Send to

Choose Destination
Am J Clin Nutr. 2014 Jan;99(1):156-61. doi: 10.3945/ajcn.113.063271. Epub 2013 Oct 9.

Effect of vitamin D supplementation on antibiotic use: a randomized controlled trial.

Author information

Population Health Department, Queensland Institute of Medical Research, Brisbane, Queensland, Australia (BT, DCW, PMW, and REN); the Centre for Research Excellence in Sun and Health, Queensland University of Technology, Kelvin Grove, Queensland, Australia (BT, MGK, DCW, and REN); the School of Population Health, University of Queensland, Brisbane, Queensland, Australia (JCvdP); the Sydney School of Public Health (BKA) and the National Health and Medical Research Council of Australia Clinical Trials Centre, Sydney Medical School (VG), University of Sydney, Camperdown, New South Wales, Australia; Northwest Academic Centre, University of Melbourne, and Western Health, Melbourne, Victoria, Australia (PRE); the School of Population Health, University of Melbourne, Parkville, Victoria, Australia (DRE); the AusSun Research Laboratory, Queensland University of Technology, Kelvin Grove, Queensland, Australia (MGK); and the Menzies Research Institute Tasmania, Hobart, Tasmania, Australia (AV).



Observational data suggested that supplementation with vitamin D could reduce risk of infection, but trial data are inconsistent.


We aimed to examine the effect of oral vitamin D supplementation on antibiotic use.


We conducted a post hoc analysis of data from pilot D-Health, which is a randomized trial carried out in a general community setting between October 2010 and February 2012. A total of 644 Australian residents aged 60-84 y were randomly assigned to receive monthly doses of a placebo (n = 214) or 30,000 (n = 215) or 60,000 (n = 215) IU oral cholecalciferol for ≤12 mo. Antibiotics prescribed during the intervention period were ascertained by linkage with pharmacy records through the national health insurance scheme (Medicare Australia).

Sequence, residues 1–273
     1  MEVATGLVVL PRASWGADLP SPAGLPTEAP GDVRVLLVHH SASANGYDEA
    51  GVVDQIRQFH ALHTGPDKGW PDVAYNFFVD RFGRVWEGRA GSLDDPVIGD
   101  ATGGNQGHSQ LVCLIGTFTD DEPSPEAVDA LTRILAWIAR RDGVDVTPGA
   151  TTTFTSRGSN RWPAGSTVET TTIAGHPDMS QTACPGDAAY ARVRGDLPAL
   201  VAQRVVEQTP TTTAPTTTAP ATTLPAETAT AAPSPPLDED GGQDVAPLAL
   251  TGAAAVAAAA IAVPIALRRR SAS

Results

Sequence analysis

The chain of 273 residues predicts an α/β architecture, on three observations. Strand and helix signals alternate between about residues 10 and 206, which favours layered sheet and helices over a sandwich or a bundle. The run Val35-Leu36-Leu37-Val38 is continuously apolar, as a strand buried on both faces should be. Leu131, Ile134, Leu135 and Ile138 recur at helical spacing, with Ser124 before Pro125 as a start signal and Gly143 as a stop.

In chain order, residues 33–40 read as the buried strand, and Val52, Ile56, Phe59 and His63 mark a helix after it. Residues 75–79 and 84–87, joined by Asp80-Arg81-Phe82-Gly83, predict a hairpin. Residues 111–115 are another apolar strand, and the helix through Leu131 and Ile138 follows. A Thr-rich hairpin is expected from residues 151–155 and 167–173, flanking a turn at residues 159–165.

People who were randomly assigned 60,000 IU cholecalciferol had nonsignificant 28% lower risk of having antibiotics prescribed at least once than did people in the placebo group (RR: 0.72; 95% CI: 0.48, 1.07). In analyses stratified by age, in subjects aged ≥70 y, there was a significant reduction in antibiotic use in the high-dose vitamin D compared with placebo groups (RR: 0.53; 95% CI: 0.32, 0.90), whereas there was no effect in participants aged <70 y (RR: 1.07; 95% CI: 0.58, 1.97) (P-interaction = 0.1).


Although this study was a post hoc analysis and statistically nonsignificant, this trial lends some support to the hypothesis that supplementation with 60,000 IU vitamin D/mo is associated with lower risk of infection, particularly in older adults. The trial was registered at the Australian New Zealand Clinical Trials Registry ( as ACTRN12609001063202.

[Indexed for MEDLINE]

Supplemental Content

Full text links

Icon for Silverchair Information Systems
Loading ...
Support Center